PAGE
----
Our oldest son, who will graduate from college in May, has little recollection of the Music City Miracle. He was 3 years old at the time. Our daughter was 1. Our younger two sons, both currently involved in high school sports, were yet to be born. To them, the playoffs were nothing but a rumor.
You think about how much time had passed since the Bills last reached the postseason. The Sabres were coming off their last appearance in the Stanley Cup final, a few years before their owners being shipped off to prison. Dominik Hasek had won his third straight Vezina Trophy and fifth overall. Jack Eichel was 2.
Bill Clinton was in the White House. The World Trade Center stood strong in Lower Manhattan. Cellphones were in their infancy, and iPhones and iPads had not yet entered the world. Dan Marino was putting the finishing touches on his Hall of Fame career with the Dolphins.
How much has your life changed since the Bills' last playoff game?
The drought finally came to a merciful end Sunday when the Bills beat the Dolphins and the Ravens lost to the Bengals in the season finale. With a rookie coach and general manager and a mediocre quarterback, the Bills played just well enough for just long enough and received just enough help to end their 17-year playoff drought.
Finally, it's over.
The Bills did their part with their win over the Dolphins, but they should send "Thank You" cards to Andy Dalton, of all people, for hitting Tyler Boyd with a 49-yard touchdown pass with 44 seconds remaining, lifting the Bengals to a 31-27 victory over the Ravens in a wild, wild final game.
With the Chargers delivering a beatdown on the Raiders, the Bills' hopes came down to Cincinnati beating Baltimore. Cincy was in control before falling apart in the third and fourth quarters. The Bengals had a 24-10 lead. But like so many Bills' teams over the years, they gagged and allowed Baltimore to take a 27-24 lead.
Unlike so many Buffalo teams, Cincy recovered. Dalton should be given a key to the city and run for mayor.
The Bills will visit Jacksonville on Sunday afternoon for a wild-card game against the Jaguars while getting reacquainted with Buffalo coach Doug Marrone and defensive tackle Marcell Dareus.
In a town where nothing comes easy, the Dolphins contributed to the Bills' cause while playing a third-string quarterback, David Fales, whose surname was befitting Buffalo teams. Indeed, the Bills had failed with incredible, math-defying regularity since the turn of the century.
But nothing was more fitting Sunday than Kyle Williams rushing for a 1-yard touchdown in what could have been his final regular-season game with the Bills. The defensive tackle had been a heart-and-soul warrior for 12 NFL seasons without playing in a single playoff game.
Finally, he will.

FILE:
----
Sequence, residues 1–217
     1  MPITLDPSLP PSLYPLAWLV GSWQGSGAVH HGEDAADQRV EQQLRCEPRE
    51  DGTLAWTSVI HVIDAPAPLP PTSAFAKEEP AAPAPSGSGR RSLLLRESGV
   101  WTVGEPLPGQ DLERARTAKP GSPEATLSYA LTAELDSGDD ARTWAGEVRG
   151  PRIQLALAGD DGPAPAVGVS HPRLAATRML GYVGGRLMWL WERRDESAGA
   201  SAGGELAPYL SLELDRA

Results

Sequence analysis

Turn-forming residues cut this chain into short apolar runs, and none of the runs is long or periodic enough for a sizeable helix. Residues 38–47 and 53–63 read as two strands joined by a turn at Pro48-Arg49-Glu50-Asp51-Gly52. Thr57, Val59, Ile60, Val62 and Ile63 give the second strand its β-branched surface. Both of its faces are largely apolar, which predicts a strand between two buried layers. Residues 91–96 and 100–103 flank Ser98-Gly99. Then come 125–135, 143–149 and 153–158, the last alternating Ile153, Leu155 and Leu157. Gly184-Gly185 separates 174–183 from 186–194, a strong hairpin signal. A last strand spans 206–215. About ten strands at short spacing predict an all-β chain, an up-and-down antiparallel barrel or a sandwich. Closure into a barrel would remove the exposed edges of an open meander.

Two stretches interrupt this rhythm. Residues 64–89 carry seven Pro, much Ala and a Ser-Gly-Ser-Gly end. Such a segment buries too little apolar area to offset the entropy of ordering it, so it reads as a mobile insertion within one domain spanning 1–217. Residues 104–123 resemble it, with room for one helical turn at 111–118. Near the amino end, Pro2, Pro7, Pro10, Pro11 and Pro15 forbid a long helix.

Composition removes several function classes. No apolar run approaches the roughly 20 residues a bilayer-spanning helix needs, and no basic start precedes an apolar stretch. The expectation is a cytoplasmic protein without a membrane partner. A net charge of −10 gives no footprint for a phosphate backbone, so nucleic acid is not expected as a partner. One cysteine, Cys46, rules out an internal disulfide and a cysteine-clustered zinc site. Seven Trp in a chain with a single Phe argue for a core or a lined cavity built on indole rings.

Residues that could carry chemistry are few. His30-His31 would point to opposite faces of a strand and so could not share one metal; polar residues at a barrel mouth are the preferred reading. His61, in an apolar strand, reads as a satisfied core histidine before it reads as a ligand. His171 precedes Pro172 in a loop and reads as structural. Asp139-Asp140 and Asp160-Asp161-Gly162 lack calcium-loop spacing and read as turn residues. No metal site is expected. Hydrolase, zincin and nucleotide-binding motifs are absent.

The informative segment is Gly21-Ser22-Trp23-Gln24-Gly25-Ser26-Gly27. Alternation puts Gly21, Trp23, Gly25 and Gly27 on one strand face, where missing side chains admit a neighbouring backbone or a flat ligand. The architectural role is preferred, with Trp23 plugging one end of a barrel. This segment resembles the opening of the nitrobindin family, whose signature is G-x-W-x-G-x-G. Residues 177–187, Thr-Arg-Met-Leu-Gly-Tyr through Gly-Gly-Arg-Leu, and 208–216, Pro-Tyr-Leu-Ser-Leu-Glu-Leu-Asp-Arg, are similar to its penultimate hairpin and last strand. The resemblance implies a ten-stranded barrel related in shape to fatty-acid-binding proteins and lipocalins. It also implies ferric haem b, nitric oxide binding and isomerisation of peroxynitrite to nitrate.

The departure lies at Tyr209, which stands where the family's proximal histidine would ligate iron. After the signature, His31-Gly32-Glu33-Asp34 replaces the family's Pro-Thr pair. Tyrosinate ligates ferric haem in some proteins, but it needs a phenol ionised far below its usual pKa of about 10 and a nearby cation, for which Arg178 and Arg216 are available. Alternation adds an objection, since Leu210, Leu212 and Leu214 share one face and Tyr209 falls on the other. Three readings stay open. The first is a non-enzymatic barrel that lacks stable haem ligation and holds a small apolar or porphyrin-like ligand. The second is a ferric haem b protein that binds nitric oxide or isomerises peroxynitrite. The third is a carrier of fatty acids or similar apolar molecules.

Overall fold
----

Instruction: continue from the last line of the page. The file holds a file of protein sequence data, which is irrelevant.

Years ago, back when the Bills were expected to reach the postseason every year, you could feel the momentum building across the region. Bills fans – and there was no #billsmafia at the time – wondered whether they would finally win a Super Bowl. It was hardly the case leading into a must-win game against the Dolphins.
Be honest: How many of you figured the Bills would beat Miami but not get the help they needed elsewhere and ultimately fall short? I did. This is Buffalo, where many teams over many years have found ways to lose. The fan base for years has been conditioned to hope for the best and brace for the worst.
Finally, the Bills came through. And then the Bengals came through.
The Bills knew they needed to first take of their own business before worrying about other games affecting them. If we learned anything about this wild and wacky season, however, it's the mediocrity around them. The Bills twice had finished with 9-7 records and missed the playoffs.
This year, it was enough.
Baltimore, a 10-point favorite earlier in the week, stunk up M&T Bank Stadium in the first half against Cincinnati. Jacksonville, with the third seed locked up, didn't look much better against Tennessee while the Chargers pummeled the Raiders and missed the playoffs on a tiebreaker.
The Bills couldn't have asked for a better start. They strolled down the field before Tyrod Taylor found Nick O'Leary wide open for a 26-yard touchdown. The Dolphins had a blown coverage on the play, which explained why the Dolphins' closest defender was in the vicinity of Tampa-St. Pete.
Fortunately for the Bills, the Dolphins treated the season finale like the preseason finale. Buffalo should give Miami coach Adam Gase a game ball. With nothing to lose and draft position to gain, the Dolphins three times went for the first down on fourth down. In any other game, it would have made little sense.
Gase also replaced veteran Jay Cutler with Fales, a sixth-round pick in 2016 who was cut seven times since last season. With that resume, he should have been named David Fails. The Bills couldn't have known too much about him based on his six passing attempts going into the game.
Marcus Murphy had only one rushing attempt in two years with New Orleans before making his debut Sunday for the Bills. He was yet another example that running backs can be found just about anywhere. Murphy was first-team All-Southeast Conference selection in 2014 but barely had a sniff in the NFL.
And they just might need him.
LeSean McCoy suffered an ankle injury 93 seconds into the third quarter and was carted off the field. His return initially was announced as questionable, but the expression on his face suggested he was not coming back any time soon. He did not return Sunday and could be sidelined next week.
Next week is next week. The Bills made the playoffs, giving a long-suffering town a Happy New Year that was a long time coming.